L.L. Draughon’s Fishing Creek Sparking & Dry Hard Cider
On an eighth-generation family farm in rural Edgecombe County, Michael and Anderson O’Brien turn bins of North Carolina apples into bottles of L.L. Draughon’s Fishing Creek Sparking & Dry Hard Cider. The small craft cidery produces about 4,000 bottles each year, using over 8000 pounds of apples and two 1000-liter fermentation tanks. They named the cider for both their farming ancestor, L.L. Draughon, and the scenic creek that winds past the farm.
Lyman Latham Draughon (pronounced “drawn”) ran the farm in the late 1800’s, as mules on farms gave way to tractors. All farms had apple orchards, but it’s unlikely Draughon made any hard cider, given his devout Methodist wife. Around the turn of the new century, Draughon’s descendants planted a new orchard of antique southern variety trees and trees grafted from the limbs of great-grandfather Draughon’s trees. The 600-tree orchard contains over thirty varieties, including Winesaps, Staymans, Limbertwigs, Russetts, and unidentified old-timers. The orchard is not certified organic, but the antique varieties need almost no additives except a little fertilizer and, occasionally, some irrigation water from Fishing Creek. The orchard doesn’t yet produce enough apples, so the Fishing Creek Cidery purchases additional apples from the NC mountains.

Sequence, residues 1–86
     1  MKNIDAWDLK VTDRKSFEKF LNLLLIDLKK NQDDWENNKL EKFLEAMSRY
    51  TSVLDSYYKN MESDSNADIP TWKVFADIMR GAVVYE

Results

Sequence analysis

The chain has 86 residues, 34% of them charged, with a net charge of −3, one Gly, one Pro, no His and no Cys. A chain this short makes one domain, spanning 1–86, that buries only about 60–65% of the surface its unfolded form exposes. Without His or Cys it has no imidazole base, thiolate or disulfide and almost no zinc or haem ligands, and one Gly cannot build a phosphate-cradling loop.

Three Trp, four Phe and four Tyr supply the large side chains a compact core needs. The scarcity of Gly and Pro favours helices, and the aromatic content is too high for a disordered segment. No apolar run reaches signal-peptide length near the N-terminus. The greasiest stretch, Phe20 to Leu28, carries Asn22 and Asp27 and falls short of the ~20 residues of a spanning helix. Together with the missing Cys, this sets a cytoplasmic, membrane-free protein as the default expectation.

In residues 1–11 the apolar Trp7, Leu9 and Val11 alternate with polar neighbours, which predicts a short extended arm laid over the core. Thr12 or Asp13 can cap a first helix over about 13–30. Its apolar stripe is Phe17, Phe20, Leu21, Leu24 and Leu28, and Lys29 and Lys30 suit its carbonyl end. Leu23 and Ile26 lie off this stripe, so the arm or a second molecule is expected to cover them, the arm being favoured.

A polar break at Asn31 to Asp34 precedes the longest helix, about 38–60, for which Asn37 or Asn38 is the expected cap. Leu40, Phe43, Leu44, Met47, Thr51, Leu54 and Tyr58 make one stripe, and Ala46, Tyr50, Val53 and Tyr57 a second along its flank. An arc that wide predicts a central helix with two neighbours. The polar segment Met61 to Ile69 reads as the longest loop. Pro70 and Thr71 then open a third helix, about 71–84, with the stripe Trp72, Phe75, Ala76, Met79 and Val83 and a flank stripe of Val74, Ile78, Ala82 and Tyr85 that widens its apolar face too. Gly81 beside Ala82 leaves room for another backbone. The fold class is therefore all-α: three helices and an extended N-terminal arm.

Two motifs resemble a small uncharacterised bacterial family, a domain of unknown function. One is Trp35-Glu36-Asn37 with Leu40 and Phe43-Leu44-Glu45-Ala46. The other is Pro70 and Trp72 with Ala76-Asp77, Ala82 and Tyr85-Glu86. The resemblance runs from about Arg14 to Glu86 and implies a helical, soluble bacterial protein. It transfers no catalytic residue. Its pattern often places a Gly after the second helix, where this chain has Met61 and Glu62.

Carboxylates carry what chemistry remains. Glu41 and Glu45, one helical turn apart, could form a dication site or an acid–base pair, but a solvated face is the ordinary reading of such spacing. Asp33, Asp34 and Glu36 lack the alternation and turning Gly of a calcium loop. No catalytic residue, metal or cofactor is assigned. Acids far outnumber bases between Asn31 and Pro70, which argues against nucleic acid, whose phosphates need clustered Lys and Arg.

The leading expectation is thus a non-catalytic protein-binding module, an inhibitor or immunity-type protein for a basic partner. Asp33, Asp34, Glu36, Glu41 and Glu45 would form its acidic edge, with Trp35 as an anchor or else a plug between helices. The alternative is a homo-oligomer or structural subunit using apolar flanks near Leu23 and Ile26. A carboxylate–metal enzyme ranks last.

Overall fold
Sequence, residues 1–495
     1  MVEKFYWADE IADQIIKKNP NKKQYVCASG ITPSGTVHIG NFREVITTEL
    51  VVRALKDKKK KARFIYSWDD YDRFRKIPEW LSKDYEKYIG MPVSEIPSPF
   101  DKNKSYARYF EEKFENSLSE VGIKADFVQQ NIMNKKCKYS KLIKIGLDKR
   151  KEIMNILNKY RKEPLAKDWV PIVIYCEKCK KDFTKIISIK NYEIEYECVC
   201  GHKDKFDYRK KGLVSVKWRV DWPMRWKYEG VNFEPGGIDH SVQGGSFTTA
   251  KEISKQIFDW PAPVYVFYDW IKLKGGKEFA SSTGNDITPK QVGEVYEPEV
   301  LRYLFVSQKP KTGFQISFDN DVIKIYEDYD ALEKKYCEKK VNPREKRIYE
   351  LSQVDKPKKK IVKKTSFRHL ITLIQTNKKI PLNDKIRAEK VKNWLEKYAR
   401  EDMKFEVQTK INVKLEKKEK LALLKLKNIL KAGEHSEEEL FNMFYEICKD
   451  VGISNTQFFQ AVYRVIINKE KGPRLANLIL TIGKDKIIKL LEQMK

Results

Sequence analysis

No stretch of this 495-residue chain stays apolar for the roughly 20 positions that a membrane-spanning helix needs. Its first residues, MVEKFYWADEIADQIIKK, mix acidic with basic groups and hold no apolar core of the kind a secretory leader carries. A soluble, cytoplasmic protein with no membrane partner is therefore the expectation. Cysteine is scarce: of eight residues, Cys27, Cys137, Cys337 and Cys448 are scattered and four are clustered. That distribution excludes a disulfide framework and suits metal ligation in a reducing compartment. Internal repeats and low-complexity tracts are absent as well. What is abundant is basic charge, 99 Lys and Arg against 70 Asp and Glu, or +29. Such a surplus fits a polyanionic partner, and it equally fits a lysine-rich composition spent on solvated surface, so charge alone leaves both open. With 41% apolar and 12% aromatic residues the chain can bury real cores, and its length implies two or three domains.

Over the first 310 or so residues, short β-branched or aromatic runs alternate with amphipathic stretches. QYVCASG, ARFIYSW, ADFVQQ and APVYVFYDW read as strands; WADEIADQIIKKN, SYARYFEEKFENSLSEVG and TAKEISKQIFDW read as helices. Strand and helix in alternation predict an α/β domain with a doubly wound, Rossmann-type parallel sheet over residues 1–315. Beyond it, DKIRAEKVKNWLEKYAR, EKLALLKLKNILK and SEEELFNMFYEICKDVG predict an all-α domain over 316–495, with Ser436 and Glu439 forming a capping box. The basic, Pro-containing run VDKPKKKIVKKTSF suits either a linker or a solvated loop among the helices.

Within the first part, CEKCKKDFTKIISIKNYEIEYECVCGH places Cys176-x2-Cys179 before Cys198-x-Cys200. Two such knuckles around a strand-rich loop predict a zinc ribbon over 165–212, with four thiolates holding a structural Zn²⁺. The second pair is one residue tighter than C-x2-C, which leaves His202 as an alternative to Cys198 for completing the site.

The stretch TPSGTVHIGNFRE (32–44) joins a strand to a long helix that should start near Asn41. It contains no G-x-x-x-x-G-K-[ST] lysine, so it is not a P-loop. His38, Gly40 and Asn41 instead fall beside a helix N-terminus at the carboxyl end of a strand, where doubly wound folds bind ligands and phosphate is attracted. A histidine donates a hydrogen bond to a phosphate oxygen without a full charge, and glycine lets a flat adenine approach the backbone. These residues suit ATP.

Companies that mass-produce hard cider often add flavors and sweeteners and sometimes use imported concentrates instead of actual apples. Small cideries, on the other hand, make small-batch, hand-crafted cider with local high-quality juice apples. Fishing Creek ferments their cider to completeness, leaving no sugar. The result is not sweet but retains the subtle aroma of apples. It is comparable to dry sparkling wines such as Cava or Prosecco.
A batch of cider takes about five months to make. The process begins in the autumn with 1,000-pound bins of North Carolina apples. Cidery staff wash the apples and grind them into pomace. A water-powered European hydro-press squeezes the juice out. The juice goes into fermentation tanks, and staff add pectic enzymes to ensure the clarity of the finished product. They eliminate wild yeasts from the tank by adjusting the pH with malic acid and them adding a weak solution of potassium metabisulphite. Two days later, they add the necessary yeast along with food-grade ammonium sulphate as a nutrient for the yeast. The cooled juice ferments for two to three months, and then rests in a new tank for another month or two.
Just before bottling, staff add a touch of sugar, which feeds the yeast and produces natural carbonation. Bottles are filled, capped, and set aside to carbonate, which takes about another month. When the yeast run out of sugar, they settle to the bottom of the bottle as a fine sediment. These sediments are complicated and expensive to remove, so Fishing Creek leaves them in the bottle. (They are drinkable, but if you want to avoid them, let your bottle settle for a week.)
Fishing Creek Cider's website tells us, “The best vessels for consuming hard cider are champagne flutes, Pilsner beer glasses, or wine glasses. Sparkling cider is best served as cold as possible, and don’t forget, our cider is under considerable pressure, so open carefully; some spillage may occur! Our cider is not aged, and we recommend that it be consumed within one year.”
Visit Fishing Creek Cider online at http://www.fishingcreekcider.com/ and on Facebook.